The mammoth Bill Kenwright year-long tour provides a perfect lens through which to examine the durability and the curiosity of The Sound of Music. On the 50th anniversary of the movie release it’s tempting to believe British audiences come more to see a re-enactment of Julie Andrews’ personal triumph than a sugared and Popishly corrupted version of Maria von Trapp’s journey running, to misquote Dorothy Parker, the gamut of emotions from A for Abbey to B for Baron.

Rather like Kennedy’s assassination two years before, everyone remembers when they first saw The Sound of Music and happily revisits each Christmas in a turkey-and-pudding-induced coma. In terms of comfort activity engendering that four-hour truce that settles over families between the Queen’s Speech and the fight over whose turn it is to empty the bloody dishwasher again, it’s right up there with the five-pound drum of Quality Street.

Historical accuracy had long been abandoned before Howard Lindsay and Russell Crouse got their hands on the ‘book’ but compared to the movie’s ability to illustrate the action with locations and a vast cast, the stage script is a stinker: the entire romantic plot is blown in one short speech of infant Gretel to Maria and for a decorated military strategist Von Trapp has lightning-fast changes of affection and intent which would really have him sedated in a Freudian clinic.

The most recent major production of The Sound of Music, Andrew Lloyd Webber’s extravaganza at the Palladium, cost £4 milllion. Kenwright is a master at the calculatedly reductive production and for a fraction of the spend delivers almost as much to satisfy provincial audiences: a sequence of lush and nicely-lit sets, especially if you sit far enough back not to see the brush-strokes on the landscape, a search-for-a-star heroine although not one he had to fund personally – Danielle Hope won the TV competition to be Dorothy in Wizard of Oz and putting her in a cheap blond wig but not bleaching her ferociously dark brows is a hallmark of the producer’s brand – and mostly casting good actors hungry enough to cover multiple roles and tour for Equity minimum. His most daring economy is to have some of the fresher-faced Nazis double as nuns.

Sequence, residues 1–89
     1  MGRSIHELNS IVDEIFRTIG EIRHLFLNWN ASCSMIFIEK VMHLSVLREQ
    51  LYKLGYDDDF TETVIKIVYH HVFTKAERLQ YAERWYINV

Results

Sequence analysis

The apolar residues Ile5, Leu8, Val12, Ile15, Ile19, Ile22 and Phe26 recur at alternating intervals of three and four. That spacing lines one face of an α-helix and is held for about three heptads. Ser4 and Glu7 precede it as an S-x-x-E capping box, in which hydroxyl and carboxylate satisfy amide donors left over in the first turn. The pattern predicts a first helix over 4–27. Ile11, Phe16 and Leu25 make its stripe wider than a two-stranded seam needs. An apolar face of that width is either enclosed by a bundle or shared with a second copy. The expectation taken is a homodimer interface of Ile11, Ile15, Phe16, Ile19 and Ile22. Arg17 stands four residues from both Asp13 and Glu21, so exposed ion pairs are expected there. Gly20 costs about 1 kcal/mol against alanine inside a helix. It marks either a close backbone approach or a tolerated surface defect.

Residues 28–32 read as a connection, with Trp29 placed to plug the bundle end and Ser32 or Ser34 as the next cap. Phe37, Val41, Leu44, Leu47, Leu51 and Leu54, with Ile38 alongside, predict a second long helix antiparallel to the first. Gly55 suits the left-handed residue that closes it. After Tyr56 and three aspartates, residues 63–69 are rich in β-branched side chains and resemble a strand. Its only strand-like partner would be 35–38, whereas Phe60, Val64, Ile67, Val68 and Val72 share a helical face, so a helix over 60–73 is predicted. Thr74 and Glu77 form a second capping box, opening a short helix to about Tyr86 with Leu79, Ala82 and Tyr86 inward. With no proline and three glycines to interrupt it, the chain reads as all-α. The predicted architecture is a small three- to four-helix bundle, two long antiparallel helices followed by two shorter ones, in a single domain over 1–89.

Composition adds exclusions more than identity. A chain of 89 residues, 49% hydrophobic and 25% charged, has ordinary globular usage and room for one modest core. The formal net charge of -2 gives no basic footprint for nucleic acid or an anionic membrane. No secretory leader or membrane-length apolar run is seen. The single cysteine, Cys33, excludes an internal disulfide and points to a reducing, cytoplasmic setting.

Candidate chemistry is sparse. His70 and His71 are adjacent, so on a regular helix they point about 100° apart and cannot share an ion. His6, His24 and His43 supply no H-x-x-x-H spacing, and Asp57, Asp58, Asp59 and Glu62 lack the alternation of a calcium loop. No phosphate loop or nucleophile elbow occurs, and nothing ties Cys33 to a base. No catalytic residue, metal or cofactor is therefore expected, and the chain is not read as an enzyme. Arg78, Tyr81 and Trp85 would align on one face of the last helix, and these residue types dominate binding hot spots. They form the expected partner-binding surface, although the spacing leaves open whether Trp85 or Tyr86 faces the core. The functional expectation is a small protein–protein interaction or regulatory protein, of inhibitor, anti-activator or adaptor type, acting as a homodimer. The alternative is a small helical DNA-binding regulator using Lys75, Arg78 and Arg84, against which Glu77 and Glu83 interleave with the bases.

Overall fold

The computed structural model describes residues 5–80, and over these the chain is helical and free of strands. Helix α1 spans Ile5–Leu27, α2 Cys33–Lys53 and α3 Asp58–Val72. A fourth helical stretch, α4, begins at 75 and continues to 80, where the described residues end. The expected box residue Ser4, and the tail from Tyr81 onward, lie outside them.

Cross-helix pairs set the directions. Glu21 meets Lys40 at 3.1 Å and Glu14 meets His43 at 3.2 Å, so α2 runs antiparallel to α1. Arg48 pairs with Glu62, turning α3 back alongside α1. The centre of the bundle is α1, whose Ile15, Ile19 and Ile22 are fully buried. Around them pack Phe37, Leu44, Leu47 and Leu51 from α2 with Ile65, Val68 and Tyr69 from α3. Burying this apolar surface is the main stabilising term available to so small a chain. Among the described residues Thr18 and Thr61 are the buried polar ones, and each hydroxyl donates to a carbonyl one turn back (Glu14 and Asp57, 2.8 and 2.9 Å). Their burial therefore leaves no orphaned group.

Hope has had a meteoric career: at 22 having played two of the most iconic movie musical heroines with only a brief spell as Eponine in between, she is an engaging if not an entrancing Maria, playing on the character’s smarts and niceness. She’s pitch-perfect, but has been over-coached to disguise her flat Northern inflection (she’s from the same part of Manchester as me) and projects a stranger artificial enunciation even than Dame Julie’s Walton-on-Thames-by-way-of-Swiss-tax-exile vowels.

She deserves a better husband, though. Not because the 58-year old Georg von Trapp would probably be happier with Sarah Soetaert’s knockout Elsa Schraeder, surely the missing Gabor sister, but because Steven Houghton is more wooden than the surrounding forests. It amazed me to find he had released albums because it’s almost traditional now to cast a von Trapp who has television profile but not necessarily for singing. Although Hope has to belt out eight performances a week until January, the cast lists Lynden Edwards as ‘Alternative Captain’, so I’m guessing Wednesday matinees or Monday nights might be your best chance to see him.

Julie-ophiles hate the structure of the stage musical: you can feel them seething early on when Maria and Mother Abbess sing ‘My Favourite Things’ because “it doesn’t come there” but, boy, does it come everywhere else and unlike the film score you’re painfully aware how often some really childish songs are re-hashed, particularly ‘Do Re Mi’ and the insufferable ‘So Long, Farewell’ … “Adieu, to yieu, and yieu, and yieu” if you want the ear-worm for the rest of the day.  In fact it sounds as though there are only five tunes in the whole show, plus the out-takes that didn’t make it to the movie which are actually superior stuff: Elsa and Max’s two numbers ‘How Can Love Survive’ and the Nazi-sympathising one Disney thought was just too near the knuckle ‘No Way To Stop It’.

There are some lovely camp moments: Bill Deamer’s choreography is smart but often also smartly tongue-in-cheek and making Roger Dipper’s Rolf such a fey balletomane renders his importuning of under-age Liesel a bit less creepy.

And there’s “that” line. Although not delivered in a German accent, Mother Abbess Jan Hartley doesn’t shrink from it, nor is it changed – and with a twenty-piece orchestra, swelling organ and more reverb than a Jane Macdonald concert, she Climbs Ev’ry Mountain magnificently.


In the interests of claiming credit for the absolute thoroughness of journalistic research: I’d like to point out I am possibly the only reviewer who has actually slept in the von Trapp villa in Salzburg. In the bedroom of Maria’s eldest daughter.  With a storm in the night.